In 2010, Dr Rachel Tudor was recommended for tenure by her colleagues at Southeastern Oklahoma State down in Durant. The administration, she said, responded by “contact[ing] legal counsel to find out if they were required to honor the recommendation of the faculty committee.” Somebody there didn’t like her.
In the spring of 2011, Tudor won the Faculty Senate Recognition Award for Excellence in Scholarship, after which she was sent packing. It took a while for things to start happening, but they did:
After four years of getting nowhere — she’s currently teaching at a community college in north Texas — the Department of Justice has stepped in, under Title VII of the Civil Rights Act of 1964, charging the school and the State Regents with discrimination on the basis of sex.
On Monday, an eight-person jury voted in favor of Tudor on three counts: that she was “denied tenure in 2009-10 because of her gender,” that she was denied “the opportunity to apply for tenure in the 2010-11 cycle … because of her gender” and that the university retaliated against her after she complained about workplace discrimination. The jury then awarded her $1.165 million in damages.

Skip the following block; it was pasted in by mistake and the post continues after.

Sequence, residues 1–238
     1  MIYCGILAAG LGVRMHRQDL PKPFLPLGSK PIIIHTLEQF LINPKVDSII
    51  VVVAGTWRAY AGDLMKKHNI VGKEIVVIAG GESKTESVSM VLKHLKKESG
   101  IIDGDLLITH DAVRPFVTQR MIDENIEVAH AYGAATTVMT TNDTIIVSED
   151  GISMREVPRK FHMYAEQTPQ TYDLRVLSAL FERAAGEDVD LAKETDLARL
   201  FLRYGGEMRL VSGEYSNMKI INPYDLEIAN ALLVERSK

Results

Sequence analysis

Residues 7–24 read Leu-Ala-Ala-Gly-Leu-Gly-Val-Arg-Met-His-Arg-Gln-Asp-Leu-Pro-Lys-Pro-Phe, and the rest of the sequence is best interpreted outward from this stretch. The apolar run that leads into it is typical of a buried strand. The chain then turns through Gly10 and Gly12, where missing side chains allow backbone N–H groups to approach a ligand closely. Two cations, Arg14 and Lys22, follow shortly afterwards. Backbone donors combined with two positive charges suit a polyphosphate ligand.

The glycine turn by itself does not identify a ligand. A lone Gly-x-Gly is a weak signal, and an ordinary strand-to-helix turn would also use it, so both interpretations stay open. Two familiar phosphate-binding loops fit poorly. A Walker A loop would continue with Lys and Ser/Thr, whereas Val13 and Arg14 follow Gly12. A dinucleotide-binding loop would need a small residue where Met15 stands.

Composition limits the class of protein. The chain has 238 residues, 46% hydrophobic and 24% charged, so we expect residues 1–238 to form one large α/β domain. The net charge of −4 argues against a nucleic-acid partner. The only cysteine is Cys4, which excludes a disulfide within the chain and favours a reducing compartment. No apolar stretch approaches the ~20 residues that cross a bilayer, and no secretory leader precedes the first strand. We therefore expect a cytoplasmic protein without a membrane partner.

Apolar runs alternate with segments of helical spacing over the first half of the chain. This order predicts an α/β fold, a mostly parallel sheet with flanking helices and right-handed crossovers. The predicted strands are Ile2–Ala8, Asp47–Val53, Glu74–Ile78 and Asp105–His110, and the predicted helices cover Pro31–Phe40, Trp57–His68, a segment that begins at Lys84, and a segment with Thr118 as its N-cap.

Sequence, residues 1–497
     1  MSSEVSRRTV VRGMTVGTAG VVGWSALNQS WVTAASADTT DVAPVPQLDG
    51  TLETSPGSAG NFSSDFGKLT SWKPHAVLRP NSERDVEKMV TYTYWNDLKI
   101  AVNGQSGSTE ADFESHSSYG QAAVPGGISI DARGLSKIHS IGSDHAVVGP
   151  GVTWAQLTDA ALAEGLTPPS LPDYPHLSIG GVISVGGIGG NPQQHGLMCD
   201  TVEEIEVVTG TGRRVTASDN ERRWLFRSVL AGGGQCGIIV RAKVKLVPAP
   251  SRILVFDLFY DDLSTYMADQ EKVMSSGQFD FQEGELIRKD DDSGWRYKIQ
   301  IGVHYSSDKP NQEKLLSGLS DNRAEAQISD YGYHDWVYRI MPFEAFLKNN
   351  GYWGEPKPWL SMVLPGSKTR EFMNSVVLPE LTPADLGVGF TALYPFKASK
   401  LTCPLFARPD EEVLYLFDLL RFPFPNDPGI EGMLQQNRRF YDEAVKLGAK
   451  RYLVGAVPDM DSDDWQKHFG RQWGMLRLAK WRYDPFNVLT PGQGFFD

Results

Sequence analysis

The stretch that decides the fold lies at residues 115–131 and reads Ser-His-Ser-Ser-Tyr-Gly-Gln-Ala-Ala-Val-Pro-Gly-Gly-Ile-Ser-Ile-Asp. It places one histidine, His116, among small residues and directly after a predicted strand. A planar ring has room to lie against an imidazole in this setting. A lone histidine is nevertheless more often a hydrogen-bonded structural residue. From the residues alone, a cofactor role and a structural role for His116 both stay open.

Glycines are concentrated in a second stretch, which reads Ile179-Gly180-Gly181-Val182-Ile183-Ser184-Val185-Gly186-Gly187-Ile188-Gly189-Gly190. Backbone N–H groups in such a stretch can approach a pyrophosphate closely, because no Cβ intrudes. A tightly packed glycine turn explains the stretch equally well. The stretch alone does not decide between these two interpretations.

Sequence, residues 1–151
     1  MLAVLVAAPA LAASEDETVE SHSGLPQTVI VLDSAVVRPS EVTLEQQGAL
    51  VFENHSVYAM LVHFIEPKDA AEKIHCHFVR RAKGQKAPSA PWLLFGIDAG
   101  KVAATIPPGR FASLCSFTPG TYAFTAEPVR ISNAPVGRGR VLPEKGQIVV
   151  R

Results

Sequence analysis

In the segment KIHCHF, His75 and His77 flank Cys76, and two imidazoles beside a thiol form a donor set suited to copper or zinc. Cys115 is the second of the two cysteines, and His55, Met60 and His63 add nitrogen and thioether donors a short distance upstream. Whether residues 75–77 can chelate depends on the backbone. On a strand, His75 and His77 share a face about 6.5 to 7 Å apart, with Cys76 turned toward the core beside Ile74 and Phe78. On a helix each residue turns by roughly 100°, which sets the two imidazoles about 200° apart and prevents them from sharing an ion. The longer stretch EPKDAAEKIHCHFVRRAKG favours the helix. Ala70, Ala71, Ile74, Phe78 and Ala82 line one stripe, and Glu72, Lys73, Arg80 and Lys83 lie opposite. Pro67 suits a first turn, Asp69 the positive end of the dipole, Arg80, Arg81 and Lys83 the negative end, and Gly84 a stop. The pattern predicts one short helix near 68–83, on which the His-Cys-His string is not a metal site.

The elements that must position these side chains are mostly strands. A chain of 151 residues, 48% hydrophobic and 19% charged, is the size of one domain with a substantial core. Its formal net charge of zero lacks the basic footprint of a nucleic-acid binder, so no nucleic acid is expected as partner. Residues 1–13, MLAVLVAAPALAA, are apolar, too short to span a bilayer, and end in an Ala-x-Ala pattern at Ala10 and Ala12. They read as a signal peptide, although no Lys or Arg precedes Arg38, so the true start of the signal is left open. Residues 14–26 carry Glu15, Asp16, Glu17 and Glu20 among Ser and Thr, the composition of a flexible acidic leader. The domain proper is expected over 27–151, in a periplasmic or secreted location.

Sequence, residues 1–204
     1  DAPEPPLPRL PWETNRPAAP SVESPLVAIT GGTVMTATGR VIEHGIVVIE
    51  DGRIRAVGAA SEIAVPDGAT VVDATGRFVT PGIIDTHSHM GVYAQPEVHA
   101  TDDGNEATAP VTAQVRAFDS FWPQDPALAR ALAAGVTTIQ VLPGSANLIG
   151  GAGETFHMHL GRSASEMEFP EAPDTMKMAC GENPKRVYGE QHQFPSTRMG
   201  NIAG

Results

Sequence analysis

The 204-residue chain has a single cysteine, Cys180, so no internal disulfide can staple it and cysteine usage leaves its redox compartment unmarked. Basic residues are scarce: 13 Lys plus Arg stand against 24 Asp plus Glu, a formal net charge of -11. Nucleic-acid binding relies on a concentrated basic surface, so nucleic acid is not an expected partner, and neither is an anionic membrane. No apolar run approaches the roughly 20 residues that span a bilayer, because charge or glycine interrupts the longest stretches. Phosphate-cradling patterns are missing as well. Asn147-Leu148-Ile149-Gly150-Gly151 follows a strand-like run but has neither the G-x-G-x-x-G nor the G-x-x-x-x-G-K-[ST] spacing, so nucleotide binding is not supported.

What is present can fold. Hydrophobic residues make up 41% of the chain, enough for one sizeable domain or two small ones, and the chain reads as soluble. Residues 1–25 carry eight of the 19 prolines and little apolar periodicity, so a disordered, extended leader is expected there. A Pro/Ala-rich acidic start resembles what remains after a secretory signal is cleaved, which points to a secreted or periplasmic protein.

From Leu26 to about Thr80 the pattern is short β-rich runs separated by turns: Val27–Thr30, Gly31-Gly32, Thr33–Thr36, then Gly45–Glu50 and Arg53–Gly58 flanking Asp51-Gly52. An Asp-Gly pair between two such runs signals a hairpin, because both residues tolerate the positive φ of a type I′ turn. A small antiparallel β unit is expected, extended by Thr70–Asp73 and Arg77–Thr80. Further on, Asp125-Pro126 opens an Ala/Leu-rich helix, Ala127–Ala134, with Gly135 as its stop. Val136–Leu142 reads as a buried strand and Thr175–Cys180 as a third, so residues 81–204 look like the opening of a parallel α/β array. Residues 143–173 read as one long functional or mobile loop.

Said a member of Tudor’s legal team:
Brittany Novotny, a member of Tudor’s local counsel trial team and herself a transgender woman, said the case is the first of its kind.
“This is the first one of these Title VII civil rights cases for a trans person based on sex discrimination to go to a jury trial,” Novotny told NBC News. “It is a pretty exciting day and a pretty big moment.”
I remember Brittany Novotny: she ran for a seat in the state House in 2010. Unfortunately, the seat was District 84, arguably the least trans-friendly zone in the state, occupied then by Sally Kern and before that Bill Graves. Eventually she moved out of the area, though she’s kept several ties to the state and she’s wearing a Russell Westbrook jersey on her Twitter profile page.
And the timing couldn’t have been much better: Monday was this year’s Transgender Day of Remembrance.